What Is a Title Binder?

Malcolm Tatum

Title binders are types of insurance coverage that are associated with real estate while an acquisition of the property is taking place. The title binder is only a temporary means of maintaining insurance on the property. The expectation is that as soon as the property is closed, the new owner will take steps to secure permanent insurance coverage for the acquisition.

Businessman with a briefcase
Businessman with a briefcase

While not required in all nations, the title binder is considered essential in many localities. The main function of the temporary insurance binder is to protect both the incumbent and prospective owners from loss while the details of the acquisition are worked out. Provisions for coverage within the binder may vary, depending on local laws. Typically, the binder will provide protection against theft, natural disaster and general damage to the property during the period between an offer to buy and the actual closing.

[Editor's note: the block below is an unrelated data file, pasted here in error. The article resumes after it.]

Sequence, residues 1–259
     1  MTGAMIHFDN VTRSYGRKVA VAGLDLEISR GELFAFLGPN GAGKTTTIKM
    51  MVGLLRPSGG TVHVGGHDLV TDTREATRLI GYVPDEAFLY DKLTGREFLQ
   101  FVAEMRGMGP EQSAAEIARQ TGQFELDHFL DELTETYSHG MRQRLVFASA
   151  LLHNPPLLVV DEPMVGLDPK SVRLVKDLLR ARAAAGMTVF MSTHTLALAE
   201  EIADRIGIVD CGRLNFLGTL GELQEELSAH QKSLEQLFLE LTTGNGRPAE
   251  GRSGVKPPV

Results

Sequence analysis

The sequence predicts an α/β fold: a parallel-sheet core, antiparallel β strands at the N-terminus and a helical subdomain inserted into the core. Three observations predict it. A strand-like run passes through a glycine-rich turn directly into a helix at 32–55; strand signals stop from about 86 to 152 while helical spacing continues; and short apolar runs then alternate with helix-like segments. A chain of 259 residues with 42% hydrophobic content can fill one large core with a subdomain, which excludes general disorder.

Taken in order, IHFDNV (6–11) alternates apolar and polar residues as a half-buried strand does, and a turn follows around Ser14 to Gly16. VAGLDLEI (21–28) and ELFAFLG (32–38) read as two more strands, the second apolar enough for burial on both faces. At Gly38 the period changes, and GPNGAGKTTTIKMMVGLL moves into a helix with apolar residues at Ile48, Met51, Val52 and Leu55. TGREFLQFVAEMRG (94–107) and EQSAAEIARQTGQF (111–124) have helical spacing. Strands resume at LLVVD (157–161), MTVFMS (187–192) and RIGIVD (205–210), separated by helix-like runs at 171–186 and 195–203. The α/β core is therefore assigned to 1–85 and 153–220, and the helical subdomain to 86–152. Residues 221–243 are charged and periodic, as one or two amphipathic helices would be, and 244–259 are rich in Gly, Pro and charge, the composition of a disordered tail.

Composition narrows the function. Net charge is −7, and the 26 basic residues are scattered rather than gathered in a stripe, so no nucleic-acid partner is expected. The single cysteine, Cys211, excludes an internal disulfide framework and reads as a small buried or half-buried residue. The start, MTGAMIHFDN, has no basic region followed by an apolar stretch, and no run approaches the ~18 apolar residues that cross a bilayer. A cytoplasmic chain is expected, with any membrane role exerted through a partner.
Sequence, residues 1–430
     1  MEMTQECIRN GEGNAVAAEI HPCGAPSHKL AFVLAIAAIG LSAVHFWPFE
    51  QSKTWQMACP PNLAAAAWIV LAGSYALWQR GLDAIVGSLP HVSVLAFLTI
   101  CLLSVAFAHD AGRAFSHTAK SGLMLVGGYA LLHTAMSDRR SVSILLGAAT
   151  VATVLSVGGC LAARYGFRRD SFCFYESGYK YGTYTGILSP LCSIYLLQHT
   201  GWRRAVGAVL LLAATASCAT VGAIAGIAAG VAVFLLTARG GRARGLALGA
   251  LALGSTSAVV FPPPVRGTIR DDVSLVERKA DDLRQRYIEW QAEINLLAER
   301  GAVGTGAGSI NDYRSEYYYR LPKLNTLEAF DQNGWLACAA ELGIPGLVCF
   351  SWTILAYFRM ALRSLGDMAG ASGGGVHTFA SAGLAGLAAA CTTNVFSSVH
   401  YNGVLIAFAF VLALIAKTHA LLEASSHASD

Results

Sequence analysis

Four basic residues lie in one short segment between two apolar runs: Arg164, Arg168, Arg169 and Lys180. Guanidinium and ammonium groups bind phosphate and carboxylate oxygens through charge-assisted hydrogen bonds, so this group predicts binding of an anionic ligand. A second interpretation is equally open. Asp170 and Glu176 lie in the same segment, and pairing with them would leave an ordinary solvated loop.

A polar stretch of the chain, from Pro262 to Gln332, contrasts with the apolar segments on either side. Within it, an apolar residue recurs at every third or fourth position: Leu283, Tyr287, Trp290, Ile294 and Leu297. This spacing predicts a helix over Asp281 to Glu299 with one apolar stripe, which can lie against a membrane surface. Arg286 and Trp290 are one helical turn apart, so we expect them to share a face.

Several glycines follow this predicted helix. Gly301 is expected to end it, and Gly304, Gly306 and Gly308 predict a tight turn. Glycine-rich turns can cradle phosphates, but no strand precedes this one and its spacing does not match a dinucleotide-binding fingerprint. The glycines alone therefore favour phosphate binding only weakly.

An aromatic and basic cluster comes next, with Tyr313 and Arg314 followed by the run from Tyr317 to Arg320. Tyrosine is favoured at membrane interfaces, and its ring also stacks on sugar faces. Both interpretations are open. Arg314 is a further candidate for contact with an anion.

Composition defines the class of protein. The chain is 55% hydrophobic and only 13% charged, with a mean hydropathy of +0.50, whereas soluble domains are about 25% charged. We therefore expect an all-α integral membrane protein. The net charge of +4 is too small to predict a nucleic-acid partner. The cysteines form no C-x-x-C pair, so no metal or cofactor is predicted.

The title binder is often considered an essential before a real estate agency will list a property. In format, the binder is a simple document that attests to the current status of the coverage, and defines the terms and conditions associated with the coverage. It is not unusual for jurisdictions to impose minimum coverage requirements that must be met by the binder before the property can be properly sold through an agency. A copy of the binder is usually kept on file with the real estate agency for as long as the property is placed with the agency.

Temporary insurance binders only remain in effect until a new permanent title is issued to the buyer of the property. At that juncture, the new owner is responsible for providing evidence that the property is covered under a permanent arrangement. It is not unusual for mortgage brokers to assist new owners in acquiring permanent insurance that will supersede the title binder, and periodically check to make sure permanent coverage is being maintained by the owner.

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